In its campaign to freeze or overturn regulations put in place by the previous administration, the Trump administration has said it has acted to free businesses from unproductive rules that have slowed economic growth.
While many businesses and trade groups have cheered that approach, not all have. A group of corporations and trade associations has sent a letter to Transportation Secretary Elaine Chao, asking that the Department of Transportation (DOT) quickly unfreeze a rule that would address the transport of hazardous materials (hazmat).
The reason? Because the new rules align the United States with international rules governing hazmat transport that took effect at the beginning of the year.
Aligns the U.S. with international standards
The plea was prompted by Trump's regulatory freeze that halted DOT's Pipeline and Hazardous Materials Safety Administration final rule that had already been published in the Federal Register. The letter says U.S. firms had already taken steps to implement it.
"Its promulgation will not create any new risks in transport," the letter said. "In fact, it will ensure the U.S. hazardous materials regulations maintain alignment with international standards, thus assuring safety and avoiding disruptions to supply chains."
The 22 corporations and trade associations signing the letter said it is critically important to avoid supply chain disruptions, which they said would negatively affect "manufacturers, retailers, wholesalers, exporters, importers, carriers, and industries."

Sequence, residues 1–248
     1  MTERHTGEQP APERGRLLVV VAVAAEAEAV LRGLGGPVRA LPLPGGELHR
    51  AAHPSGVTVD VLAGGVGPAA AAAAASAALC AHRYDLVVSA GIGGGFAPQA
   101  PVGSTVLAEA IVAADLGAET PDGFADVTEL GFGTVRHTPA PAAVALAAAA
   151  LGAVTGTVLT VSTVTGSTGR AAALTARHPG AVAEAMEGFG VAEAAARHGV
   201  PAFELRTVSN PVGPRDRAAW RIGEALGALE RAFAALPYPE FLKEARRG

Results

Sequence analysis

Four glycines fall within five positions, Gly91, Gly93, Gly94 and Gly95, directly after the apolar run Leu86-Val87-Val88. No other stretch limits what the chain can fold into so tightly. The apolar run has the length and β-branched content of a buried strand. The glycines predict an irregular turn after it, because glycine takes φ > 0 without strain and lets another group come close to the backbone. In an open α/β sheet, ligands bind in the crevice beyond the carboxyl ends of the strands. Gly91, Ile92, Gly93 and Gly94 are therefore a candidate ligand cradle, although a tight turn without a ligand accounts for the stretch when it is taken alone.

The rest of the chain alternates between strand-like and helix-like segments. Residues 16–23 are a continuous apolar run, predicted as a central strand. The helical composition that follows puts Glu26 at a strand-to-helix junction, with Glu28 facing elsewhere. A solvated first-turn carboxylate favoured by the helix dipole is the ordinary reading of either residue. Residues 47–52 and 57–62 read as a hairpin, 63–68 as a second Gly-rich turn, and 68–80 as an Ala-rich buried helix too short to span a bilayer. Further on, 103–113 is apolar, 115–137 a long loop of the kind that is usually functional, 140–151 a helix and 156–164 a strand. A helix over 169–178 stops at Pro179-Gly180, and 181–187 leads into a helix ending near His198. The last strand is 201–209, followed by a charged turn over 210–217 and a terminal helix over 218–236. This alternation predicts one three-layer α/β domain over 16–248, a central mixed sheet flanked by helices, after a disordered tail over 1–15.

Would avoid confusion
The signers said the regulation is consistent with the industry's long-standing endorsement of linking U.S. rules on hazmat transport with the rest of the world.
"Harmonization avoids confusion among shippers, carriers and others in the logistics chain, maximizes safety, and reduces costs for U.S. businesses," the letter explained.
A diverse selection of industries participated in the appeal. They include airlines, companies that produce batteries and electronic products, makers of outdoor equipment and power tool manufacturers, the security industry, shippers of dangerous goods, and fire arms and ammunition manufacturers.
While some industries might want to relieve themselves of government regulations, George Kerchner, director of the association representing the rechargeable battery industry, said his members are ready to meet the tougher new standards.
Having different standards than the rest of the world, he says, creates a "fog of confusion" that would actually result in undermining safety.
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